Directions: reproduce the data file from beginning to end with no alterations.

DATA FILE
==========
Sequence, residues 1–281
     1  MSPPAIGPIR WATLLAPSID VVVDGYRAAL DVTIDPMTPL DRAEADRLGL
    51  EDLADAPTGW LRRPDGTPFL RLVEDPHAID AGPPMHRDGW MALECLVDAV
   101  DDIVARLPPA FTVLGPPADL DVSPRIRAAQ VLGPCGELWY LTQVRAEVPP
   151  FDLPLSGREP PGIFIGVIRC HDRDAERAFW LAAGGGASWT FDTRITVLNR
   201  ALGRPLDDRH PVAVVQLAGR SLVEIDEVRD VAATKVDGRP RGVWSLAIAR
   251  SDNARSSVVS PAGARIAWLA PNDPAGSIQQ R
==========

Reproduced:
Sequence, residues 1–281
     1  MSPPAIGPIR WATLLAPSID VVVDGYRAAL DVTIDPMTPL DRAEADRLGL
    51  EDLADAPTGW LRRPDGTPFL RLVEDPHAID AGPPMHRDGW MALECLVDAV
   101  DDIVARLPPA FTVLGPPADL DVSPRIRAAQ VLGPCGELWY LTQVRAEVPP
   151  FDLPLSGREP PGIFIGVIRC HDRDAERAFW LAAGGGASWT FDTRITVLNR
   201  ALGRPLDDRH PVAVVQLAGR SLVEIDEVRD VAATKVDGRP RGVWSLAIAR
   251  SDNARSSVVS PAGARIAWLA PNDPAGSIQQ R